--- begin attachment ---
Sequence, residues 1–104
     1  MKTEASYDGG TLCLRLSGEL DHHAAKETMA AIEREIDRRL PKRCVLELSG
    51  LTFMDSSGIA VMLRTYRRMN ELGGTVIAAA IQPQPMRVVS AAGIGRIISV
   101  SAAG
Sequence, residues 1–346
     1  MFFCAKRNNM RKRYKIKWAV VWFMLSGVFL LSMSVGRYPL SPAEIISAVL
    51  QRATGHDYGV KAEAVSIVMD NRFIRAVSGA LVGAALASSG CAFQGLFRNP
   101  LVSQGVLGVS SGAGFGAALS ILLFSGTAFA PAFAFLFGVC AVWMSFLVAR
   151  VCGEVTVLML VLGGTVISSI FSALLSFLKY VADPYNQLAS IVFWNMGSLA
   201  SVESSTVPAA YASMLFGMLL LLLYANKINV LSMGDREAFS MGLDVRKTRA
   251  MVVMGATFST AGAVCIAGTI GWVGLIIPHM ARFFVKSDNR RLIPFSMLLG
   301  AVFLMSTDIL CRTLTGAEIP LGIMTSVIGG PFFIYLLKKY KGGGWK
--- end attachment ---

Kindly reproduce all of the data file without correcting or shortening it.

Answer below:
Sequence, residues 1–104
     1  MKTEASYDGG TLCLRLSGEL DHHAAKETMA AIEREIDRRL PKRCVLELSG
    51  LTFMDSSGIA VMLRTYRRMN ELGGTVIAAA IQPQPMRVVS AAGIGRIISV
   101  SAAG
Sequence, residues 1–346
     1  MFFCAKRNNM RKRYKIKWAV VWFMLSGVFL LSMSVGRYPL SPAEIISAVL
    51  QRATGHDYGV KAEAVSIVMD NRFIRAVSGA LVGAALASSG CAFQGLFRNP
   101  LVSQGVLGVS SGAGFGAALS ILLFSGTAFA PAFAFLFGVC AVWMSFLVAR
   151  VCGEVTVLML VLGGTVISSI FSALLSFLKY VADPYNQLAS IVFWNMGSLA
   201  SVESSTVPAA YASMLFGMLL LLLYANKINV LSMGDREAFS MGLDVRKTRA
   251  MVVMGATFST AGAVCIAGTI GWVGLIIPHM ARFFVKSDNR RLIPFSMLLG
   301  AVFLMSTDIL CRTLTGAEIP LGIMTSVIGG PFFIYLLKKY KGGGWK